Zoned Cooling and Heating - Dining Room Unit

Photo: Michael Lee

Having pondered just about everything else, why hadn’t you thought about accommodating your guests’ varying temperature preferences? The reason may be, quite simply, that you didn’t know you could. For decades, the average cooling and heating system has taken a one-size-fits-all approach, with one thermostat controlling the temperature of every room in the house. Who knows how many disagreements have arisen in households whose members couldn’t agree on a single temperature—all because of that one limitation? Fortunately, cooling and heating have advanced by leaps and bounds in recent years. Thanks to the zoned systems pioneered by Mitsubishi Electric US, Inc. Cooling & Heating (Mitsubishi Electric), you can put an end to thermostat wars once and for all!

Of all the features Mitsubishi Electric systems deliver, one particular capability could have the greatest impact on the comfort of your holiday guests—zoning. In homes with traditional cooling and heating systems, only some people will be truly comfortable at any given time. Mitsubishi Electric, however, enables you to establish multiple zones. Each zone, whether it comprises of one room, a set of rooms, or an entire floor, can be controlled independently of the others. So, while you’re cooking Thanksgiving dinner or a Christmas feast in the oven-warmed kitchen, you can remain cool by keeping the room’s temperature relatively low. Meanwhile, in the living room, where the grandparents are being entertained by your children, you can set the temperature a few degrees higher. Indeed, everyone can enjoy his or her ideal environment.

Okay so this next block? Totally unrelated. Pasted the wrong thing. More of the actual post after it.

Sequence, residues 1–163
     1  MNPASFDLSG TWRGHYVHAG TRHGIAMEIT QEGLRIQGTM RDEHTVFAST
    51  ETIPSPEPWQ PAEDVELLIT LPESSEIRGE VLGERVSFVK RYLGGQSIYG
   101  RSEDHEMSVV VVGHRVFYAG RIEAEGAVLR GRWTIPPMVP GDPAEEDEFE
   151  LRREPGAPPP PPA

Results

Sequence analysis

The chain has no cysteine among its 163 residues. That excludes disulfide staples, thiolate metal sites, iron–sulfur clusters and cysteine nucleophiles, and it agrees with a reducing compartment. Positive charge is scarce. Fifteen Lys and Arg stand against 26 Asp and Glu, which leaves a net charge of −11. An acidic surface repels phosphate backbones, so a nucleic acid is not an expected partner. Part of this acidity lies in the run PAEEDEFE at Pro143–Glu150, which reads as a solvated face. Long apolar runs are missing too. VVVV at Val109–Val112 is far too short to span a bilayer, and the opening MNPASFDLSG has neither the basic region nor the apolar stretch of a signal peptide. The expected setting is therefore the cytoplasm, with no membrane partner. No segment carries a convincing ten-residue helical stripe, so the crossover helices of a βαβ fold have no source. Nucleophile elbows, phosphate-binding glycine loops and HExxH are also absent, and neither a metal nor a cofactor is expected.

The ability to select different temperatures in different zones ensures a higher level of comfort, but that’s not all. At a time of year when family finances are often strained, zoning provides another crucial benefit—an energy-saving opportunity. Because traditional systems operate in all-or-nothing fashion, one-zone climate control can’t capitalize on these same opportunities. To have cooling or heating in any room, you must run the system (and pay for the energy consumed) in all rooms, even the unoccupied ones. Imagine if the same principle were applied to a home’s electrical system, and turning on one fixture meant turning on every light in the house. A setup like that would be extremely wasteful, not to mention inconvenient. With zoning, Mitsubishi Electric offers a sensible solution.